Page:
Waste management are the activities and actions required to manage waste from its inception to its final disposal. This includes the collection, transport and disposal of waste, together with monitoring and regulation of the waste management process. Waste can be solid, liquid, or gaseous and each type has different methods of disposal and management. Waste management deals with all types of waste, including industrial and household. In some cases waste can pose a threat to human health. Waste is produced by for example the extraction and processing of raw materials. Waste management is intended to reduce adverse effects of waste on human health, the environment or aesthetics. Waste management practices are not uniform among countries. A large portion of waste management practices deal with municipal solid waste, the bulk of the waste, created by household and commercial activity; the waste hierarchy refers to the "3 Rs" reduce and recycle, which classifies waste management strategies according to their desirability in terms of waste minimisation.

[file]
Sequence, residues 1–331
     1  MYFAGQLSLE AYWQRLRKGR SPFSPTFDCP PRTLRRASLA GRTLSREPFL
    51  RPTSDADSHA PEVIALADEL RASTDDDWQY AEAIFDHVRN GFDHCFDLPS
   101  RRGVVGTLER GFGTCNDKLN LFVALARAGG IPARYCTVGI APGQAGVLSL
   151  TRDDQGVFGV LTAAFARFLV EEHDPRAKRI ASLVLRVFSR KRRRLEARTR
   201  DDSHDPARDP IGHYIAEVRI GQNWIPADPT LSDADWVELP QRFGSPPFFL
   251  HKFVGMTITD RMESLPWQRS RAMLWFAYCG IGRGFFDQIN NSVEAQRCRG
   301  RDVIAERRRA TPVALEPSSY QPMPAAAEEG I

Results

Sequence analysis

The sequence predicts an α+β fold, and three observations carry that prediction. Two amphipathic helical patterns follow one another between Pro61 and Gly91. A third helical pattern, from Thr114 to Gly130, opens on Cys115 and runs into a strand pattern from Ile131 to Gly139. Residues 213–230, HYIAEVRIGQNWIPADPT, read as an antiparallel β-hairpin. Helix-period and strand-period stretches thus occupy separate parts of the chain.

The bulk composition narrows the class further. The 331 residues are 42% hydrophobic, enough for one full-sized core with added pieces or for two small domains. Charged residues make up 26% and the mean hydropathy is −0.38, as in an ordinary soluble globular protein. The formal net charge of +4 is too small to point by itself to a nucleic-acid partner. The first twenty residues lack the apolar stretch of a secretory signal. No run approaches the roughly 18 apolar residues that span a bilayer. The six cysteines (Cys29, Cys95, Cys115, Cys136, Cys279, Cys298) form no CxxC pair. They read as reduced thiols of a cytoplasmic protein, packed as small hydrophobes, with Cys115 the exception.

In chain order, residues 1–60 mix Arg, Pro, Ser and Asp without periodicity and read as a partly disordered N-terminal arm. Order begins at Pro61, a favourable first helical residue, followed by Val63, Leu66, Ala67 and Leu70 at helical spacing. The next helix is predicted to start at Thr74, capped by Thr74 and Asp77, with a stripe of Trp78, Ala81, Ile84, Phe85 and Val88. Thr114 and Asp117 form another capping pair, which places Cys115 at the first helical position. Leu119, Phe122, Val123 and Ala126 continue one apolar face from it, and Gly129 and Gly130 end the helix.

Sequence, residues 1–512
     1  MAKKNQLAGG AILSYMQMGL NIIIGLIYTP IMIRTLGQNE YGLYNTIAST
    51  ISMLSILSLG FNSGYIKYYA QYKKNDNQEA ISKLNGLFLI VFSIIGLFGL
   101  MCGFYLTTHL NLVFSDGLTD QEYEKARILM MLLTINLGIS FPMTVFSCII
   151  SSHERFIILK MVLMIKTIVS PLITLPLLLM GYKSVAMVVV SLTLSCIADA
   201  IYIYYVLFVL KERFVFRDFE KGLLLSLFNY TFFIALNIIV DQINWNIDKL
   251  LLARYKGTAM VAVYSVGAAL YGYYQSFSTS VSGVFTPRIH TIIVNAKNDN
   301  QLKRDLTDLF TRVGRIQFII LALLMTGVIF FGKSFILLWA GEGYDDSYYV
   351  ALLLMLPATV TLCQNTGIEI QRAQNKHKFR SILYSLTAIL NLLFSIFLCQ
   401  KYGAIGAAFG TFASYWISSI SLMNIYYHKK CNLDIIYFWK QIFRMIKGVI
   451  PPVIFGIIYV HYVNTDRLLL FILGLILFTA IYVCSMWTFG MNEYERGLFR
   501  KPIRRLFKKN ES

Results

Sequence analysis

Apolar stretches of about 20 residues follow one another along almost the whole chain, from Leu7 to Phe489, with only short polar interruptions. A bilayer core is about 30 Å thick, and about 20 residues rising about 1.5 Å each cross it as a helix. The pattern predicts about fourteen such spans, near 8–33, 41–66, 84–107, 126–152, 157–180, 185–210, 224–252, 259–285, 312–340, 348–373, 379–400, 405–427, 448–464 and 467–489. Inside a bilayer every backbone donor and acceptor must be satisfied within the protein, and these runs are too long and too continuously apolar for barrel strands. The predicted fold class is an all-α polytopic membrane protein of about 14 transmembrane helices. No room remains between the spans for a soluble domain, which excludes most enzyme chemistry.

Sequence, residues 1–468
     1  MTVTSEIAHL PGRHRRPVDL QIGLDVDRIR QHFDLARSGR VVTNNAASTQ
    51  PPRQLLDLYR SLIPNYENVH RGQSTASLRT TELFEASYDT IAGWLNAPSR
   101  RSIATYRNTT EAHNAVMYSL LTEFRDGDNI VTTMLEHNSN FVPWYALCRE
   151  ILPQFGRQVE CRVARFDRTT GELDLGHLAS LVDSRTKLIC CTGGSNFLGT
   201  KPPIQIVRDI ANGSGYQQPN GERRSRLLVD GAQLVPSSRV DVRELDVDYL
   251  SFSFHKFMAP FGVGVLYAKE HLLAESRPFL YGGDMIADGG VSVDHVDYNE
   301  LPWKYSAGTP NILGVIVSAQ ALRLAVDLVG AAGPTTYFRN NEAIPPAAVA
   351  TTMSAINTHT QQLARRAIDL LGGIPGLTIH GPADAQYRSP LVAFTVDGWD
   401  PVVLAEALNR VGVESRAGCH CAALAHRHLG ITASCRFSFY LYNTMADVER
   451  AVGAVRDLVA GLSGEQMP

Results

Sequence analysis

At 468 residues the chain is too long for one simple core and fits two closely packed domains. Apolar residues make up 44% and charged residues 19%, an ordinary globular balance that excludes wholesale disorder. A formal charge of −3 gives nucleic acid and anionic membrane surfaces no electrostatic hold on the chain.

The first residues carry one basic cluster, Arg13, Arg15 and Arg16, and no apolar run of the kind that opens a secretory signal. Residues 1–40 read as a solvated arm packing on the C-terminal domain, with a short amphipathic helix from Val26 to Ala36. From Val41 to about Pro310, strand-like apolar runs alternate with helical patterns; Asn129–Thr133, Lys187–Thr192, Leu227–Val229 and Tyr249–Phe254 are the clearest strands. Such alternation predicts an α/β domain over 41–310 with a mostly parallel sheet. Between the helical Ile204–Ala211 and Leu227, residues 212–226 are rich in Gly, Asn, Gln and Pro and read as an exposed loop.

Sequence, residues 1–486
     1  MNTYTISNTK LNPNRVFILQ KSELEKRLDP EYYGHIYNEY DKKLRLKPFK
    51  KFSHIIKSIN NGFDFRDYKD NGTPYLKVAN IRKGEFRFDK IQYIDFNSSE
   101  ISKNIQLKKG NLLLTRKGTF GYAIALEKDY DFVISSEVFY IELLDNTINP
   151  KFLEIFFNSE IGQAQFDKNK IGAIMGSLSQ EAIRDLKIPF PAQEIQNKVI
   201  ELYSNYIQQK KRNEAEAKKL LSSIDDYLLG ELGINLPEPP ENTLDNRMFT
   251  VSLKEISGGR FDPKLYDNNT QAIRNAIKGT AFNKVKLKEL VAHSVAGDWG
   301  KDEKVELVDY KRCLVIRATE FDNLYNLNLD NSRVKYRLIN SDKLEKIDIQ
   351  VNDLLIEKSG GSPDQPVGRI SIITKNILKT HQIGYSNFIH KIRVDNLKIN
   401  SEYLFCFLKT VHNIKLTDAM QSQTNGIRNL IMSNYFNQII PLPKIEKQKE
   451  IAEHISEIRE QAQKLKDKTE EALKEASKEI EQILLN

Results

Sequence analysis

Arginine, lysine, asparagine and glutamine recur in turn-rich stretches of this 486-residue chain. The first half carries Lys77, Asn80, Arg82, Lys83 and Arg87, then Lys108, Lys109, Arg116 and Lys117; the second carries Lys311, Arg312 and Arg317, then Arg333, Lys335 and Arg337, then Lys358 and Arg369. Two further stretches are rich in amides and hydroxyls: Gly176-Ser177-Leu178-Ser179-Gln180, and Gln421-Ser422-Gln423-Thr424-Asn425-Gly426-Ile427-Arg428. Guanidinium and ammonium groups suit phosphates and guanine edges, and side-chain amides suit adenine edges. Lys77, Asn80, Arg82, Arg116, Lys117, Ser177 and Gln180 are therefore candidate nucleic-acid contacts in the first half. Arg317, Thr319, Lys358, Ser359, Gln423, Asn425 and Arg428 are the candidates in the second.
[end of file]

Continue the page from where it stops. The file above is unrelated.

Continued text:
The waste hierarchy is the cornerstone of most waste minimisation strategies. The aim of the waste hierarchy is to extract the maximum practical benefits from products and to generate the minimum amount of end waste; the waste hierarchy is represented as a pyramid because the basic premise is that policies should promote measures to prevent the generation of waste. The next step or preferred action is to seek alternative uses for the waste, generated i.e. by re-use. The next is recycling. Following this step is material recovery and waste-to-energy; the final action is disposal, through incineration without energy recovery. This last step is the final resort for waste which has not been diverted or recovered; the waste hierarchy represents the progression of a product or material through the sequential stages of the pyramid of waste management. The hierarchy represents the latter parts of the life-cycle for each product; the life-cycle begins with design proceeds through manufacture and primary use and follows through the waste hierarchy's stages of reduce and recycle.